Authors Top

If you have a few years of experience in Computer Science or research, and you’re interested in sharing that experience with the community, have a look at our Contribution Guidelines.

1. Overview

In this tutorial, we’ll discuss the bit stuffing technique in networking with an example.

2. Introduction to Bit Stuffing

Bit stuffing is a process of inserting non-information bits into the data to be transferred. It breaks the data sequence and helps in synchronization.

In the OSI model, the data link layer divides the data received from the physical layer into data frames. A data frame is classified into two categories: fixed-length or variable-length data frame. In variable-length frames, the size of the data frames may vary. In such cases, it’s very difficult to detect the end and beginning of a frame.

Hence bit stuffing is used to mark the end and beginning of the frames during variable-length data frame transfer.

3. Data Frame

Data frames in a bit-oriented protocol containing a sequence of bits. A data frame has several parts: header, payload, trailer, flag. The header field contains information regarding the source and destination. The payload contains the actual message as a sequence of bits. The trailer field carries error detection and correction bits. The flags hold a bit pattern that makes the end and beginning bits in a data frame.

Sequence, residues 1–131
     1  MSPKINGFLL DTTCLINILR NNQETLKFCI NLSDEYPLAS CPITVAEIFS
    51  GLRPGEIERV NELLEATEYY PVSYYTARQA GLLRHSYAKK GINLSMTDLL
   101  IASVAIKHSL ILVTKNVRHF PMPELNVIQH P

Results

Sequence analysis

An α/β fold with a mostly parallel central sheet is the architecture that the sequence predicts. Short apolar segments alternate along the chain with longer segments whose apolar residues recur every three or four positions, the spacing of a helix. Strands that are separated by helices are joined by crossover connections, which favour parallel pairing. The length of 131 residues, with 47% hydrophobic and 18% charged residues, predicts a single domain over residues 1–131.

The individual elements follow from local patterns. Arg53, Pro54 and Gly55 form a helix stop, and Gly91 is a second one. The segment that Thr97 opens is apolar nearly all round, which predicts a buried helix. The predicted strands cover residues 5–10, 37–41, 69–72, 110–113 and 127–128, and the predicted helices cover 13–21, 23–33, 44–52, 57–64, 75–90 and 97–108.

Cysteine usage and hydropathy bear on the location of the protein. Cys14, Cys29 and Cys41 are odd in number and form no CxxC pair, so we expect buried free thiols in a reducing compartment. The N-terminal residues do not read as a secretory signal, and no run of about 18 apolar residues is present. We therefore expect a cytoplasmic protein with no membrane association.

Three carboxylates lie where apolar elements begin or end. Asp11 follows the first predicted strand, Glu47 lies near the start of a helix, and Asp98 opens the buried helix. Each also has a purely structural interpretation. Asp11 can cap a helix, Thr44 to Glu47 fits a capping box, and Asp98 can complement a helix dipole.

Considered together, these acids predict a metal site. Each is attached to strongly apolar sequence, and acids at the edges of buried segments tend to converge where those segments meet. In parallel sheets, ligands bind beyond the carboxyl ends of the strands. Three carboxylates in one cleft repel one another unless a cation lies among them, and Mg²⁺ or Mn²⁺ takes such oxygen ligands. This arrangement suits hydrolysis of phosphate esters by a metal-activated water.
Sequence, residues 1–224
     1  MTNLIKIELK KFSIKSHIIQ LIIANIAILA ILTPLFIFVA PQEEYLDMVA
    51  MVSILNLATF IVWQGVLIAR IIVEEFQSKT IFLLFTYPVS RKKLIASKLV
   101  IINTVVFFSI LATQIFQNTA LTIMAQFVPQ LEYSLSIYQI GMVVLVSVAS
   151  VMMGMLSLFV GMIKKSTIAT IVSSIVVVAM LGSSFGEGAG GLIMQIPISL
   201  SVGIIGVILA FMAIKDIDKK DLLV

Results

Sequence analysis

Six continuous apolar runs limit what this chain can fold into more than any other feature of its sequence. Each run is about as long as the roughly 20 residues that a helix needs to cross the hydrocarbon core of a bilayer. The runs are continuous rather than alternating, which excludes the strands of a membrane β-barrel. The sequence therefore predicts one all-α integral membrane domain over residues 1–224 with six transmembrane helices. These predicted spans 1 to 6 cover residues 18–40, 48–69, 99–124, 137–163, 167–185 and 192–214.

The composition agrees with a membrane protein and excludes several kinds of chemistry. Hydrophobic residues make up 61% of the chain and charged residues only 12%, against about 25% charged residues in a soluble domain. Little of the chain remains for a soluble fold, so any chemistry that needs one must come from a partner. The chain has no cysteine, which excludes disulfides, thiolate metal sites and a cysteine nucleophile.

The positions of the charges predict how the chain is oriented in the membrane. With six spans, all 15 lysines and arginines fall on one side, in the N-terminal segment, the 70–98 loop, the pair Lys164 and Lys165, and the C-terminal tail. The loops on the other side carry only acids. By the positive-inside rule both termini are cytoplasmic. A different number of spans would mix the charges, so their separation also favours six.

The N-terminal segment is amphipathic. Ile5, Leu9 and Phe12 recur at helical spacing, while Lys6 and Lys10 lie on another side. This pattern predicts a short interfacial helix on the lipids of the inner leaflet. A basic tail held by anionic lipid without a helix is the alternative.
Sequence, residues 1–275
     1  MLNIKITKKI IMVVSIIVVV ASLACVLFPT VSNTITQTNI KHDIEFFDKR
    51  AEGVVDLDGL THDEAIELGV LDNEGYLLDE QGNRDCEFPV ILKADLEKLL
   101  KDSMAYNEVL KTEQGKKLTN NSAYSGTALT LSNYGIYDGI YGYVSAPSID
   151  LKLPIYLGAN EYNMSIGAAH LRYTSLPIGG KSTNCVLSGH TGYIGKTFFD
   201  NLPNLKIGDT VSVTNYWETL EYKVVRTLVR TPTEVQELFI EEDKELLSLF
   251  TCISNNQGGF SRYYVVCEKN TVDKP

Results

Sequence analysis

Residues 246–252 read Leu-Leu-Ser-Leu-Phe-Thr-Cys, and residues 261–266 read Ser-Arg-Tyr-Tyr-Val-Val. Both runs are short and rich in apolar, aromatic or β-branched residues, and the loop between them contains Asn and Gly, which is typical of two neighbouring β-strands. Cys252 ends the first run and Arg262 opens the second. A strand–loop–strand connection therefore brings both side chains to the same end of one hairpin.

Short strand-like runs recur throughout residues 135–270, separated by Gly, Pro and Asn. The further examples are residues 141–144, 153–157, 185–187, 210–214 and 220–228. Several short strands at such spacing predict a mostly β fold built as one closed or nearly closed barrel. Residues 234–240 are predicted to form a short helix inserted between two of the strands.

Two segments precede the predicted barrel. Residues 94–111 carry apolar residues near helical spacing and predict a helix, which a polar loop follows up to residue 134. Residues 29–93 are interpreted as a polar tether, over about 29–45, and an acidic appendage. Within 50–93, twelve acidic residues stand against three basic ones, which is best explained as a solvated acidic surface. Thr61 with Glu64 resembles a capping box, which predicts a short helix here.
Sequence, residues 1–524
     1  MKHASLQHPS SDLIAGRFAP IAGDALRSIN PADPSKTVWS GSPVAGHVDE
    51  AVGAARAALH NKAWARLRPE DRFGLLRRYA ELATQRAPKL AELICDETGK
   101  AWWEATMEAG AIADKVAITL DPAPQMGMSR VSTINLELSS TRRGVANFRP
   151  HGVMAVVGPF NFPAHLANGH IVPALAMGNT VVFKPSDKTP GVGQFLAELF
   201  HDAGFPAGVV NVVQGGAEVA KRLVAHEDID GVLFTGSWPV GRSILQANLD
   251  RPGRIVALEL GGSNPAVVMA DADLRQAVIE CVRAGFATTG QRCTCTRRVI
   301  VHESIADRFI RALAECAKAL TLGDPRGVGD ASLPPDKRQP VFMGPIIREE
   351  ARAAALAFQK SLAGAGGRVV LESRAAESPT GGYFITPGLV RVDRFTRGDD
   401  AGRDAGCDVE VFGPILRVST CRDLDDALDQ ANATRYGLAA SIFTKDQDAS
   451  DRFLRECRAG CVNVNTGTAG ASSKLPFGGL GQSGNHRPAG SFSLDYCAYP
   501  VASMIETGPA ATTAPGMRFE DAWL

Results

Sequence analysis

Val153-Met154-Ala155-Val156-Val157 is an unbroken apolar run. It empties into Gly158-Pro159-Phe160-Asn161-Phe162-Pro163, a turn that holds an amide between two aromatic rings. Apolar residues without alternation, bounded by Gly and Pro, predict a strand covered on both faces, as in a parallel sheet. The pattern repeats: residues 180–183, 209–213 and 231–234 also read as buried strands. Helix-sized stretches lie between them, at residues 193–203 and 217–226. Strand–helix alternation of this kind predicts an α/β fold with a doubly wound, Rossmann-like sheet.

Let’s look at a data frame:

4. Bit Stuffing Example

Bit stuffing is used for frame management purposes. In variable-length frames, we can define a rule which adds some extra bits in the payload of a frame. These extra added bits don’t carry any information and solely used to mark the end of a bitstream.

For example, we can define a rule that whenever we encounter five consecutive \mathsf{1}s, an extra \mathsf{0} bit is added at the end of the five \mathsf{1}s in the bitstream of the payload field.

When the receiver computer receives this message, it detects the extra added \mathsf{0} bits after each five consecutive 1s in the bitstream and removes them. The unstuffed data is sent in the upper layers for further operations.

Let’s look at an example of bit stuffing:

Here the sending computer transmit data to the data link layer which forms a frame from the data received. Using the bit stuffing technique, we added \mathsf{3} extra bits and send the frame to the receiver computer. When the receiver computer receives the frame, it deletes the extra added bits from the payload and processes further.

5. Advantages and Disadvantages

Bit stuffing helps in the synchronization process and can synchronize multiple channels before multiplexing. It is also useful in run-length limited (RLL) coding.

The disadvantage of bit stuffing is the number of stuffed bits that are not predictable and is fully dependent on the data being received.

5. Conclusion

In this tutorial, we learned bit stuffing in detail. We also presented an example to give the reader a practical essence of the bit stuffing technique.

Authors Bottom

If you have a few years of experience in Computer Science or research, and you’re interested in sharing that experience with the community, have a look at our Contribution Guidelines.

Comments are closed on this article!